Factors Associated With Intubation and Prolonged Intubation in Hospitalized Patients With COVID-19.
Otolaryngol Head Neck Surg. 2020 May 19;:194599820929640
Authors: Hur K, Price CPE, Gray EL, Gulati RK, Maksimoski M, Racette SD, Schneider AL, Khanwalkar AR
OBJECTIVE: To identify risk factors associated with intubation and time to extubation in hospitalized patients with coronavirus disease 2019 (COVID-19).
STUDY DESIGN: Retrospective observational study.
SETTING: Ten hospitals in the Chicago metropolitan area.
SUBJECTS AND METHODS: Patients with laboratory-confirmed COVID-19 admitted between March 1 and April 8, 2020, were included. We evaluated sociodemographic and clinical characteristics associated with intubation and prolonged intubation for acute respiratory failure secondary to COVID-19 infection.
RESULTS: Of the 486 hospitalized patients included in the study, the median age was 59 years (interquartile range, 47-69); 271 (55.8%) were male; and the median body mass index was 30.6 (interquartile range, 26.5-35.6). During the hospitalization, 138 (28.4%) patients were intubated; 78 (56.5%) were eventually extubated; 21 (15.2%) died; and 39 (28.3%) remained intubated at a mean ± SD follow-up of 19.6 ± 6.7 days. Intubated patients had a significantly higher median age (65 vs 57 years, P < .001) and rate of diabetes (56 [40.6%] vs 104 [29.9%], P = .031) as compared with nonintubated patients. Multivariable logistic regression analysis identified age, sex, respiratory rate, oxygen saturation, history of diabetes, and shortness of breath as factors predictive of intubation. Age and body mass index were the only factors independently associated with time to extubation.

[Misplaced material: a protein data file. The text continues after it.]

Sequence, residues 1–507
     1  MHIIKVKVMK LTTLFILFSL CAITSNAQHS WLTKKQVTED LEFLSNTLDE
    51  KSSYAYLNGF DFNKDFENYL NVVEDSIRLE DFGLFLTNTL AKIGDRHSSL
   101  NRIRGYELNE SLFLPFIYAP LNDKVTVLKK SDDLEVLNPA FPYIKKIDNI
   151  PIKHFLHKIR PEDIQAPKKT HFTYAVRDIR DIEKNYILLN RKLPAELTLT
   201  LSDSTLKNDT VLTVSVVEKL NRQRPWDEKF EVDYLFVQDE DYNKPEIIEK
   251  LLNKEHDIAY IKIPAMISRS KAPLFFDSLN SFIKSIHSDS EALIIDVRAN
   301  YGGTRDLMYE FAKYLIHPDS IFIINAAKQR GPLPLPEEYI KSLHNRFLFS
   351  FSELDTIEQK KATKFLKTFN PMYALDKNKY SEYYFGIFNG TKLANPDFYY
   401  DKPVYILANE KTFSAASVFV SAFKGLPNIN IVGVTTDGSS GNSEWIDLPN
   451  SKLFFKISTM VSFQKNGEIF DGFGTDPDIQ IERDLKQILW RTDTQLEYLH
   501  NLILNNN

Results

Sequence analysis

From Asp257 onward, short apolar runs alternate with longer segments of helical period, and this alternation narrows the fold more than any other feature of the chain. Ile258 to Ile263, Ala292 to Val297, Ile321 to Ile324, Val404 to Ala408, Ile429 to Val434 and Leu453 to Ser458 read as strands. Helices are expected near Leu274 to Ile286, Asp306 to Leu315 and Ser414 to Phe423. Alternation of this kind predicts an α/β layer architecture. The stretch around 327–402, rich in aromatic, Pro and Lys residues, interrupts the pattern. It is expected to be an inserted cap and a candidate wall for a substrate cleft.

CONCLUSION: In addition to clinical signs of respiratory distress, patients with COVID-19 who are older, male, or diabetic are at higher risk of requiring intubation. Among intubated patients, older and more obese patients are at higher risk for prolonged intubation. Otolaryngologists consulted for airway management should consider these factors in their decision making.
PMID: 32423368 [PubMed - as supplied by publisher]